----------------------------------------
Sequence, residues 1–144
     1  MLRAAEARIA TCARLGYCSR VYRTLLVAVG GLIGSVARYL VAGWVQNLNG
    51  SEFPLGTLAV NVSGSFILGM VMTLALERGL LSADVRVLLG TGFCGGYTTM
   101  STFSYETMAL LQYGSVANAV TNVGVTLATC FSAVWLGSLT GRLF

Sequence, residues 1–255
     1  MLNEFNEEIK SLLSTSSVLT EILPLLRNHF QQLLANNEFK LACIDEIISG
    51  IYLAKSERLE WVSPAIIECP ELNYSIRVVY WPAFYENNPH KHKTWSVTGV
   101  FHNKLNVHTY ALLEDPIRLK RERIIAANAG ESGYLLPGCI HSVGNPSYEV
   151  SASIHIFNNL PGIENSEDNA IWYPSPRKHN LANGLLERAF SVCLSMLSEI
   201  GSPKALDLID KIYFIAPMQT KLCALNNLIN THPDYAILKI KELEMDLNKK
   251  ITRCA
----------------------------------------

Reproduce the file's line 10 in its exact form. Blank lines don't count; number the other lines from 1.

   201  GSPKALDLID KIYFIAPMQT KLCALNNLIN THPDYAILKI KELEMDLNKK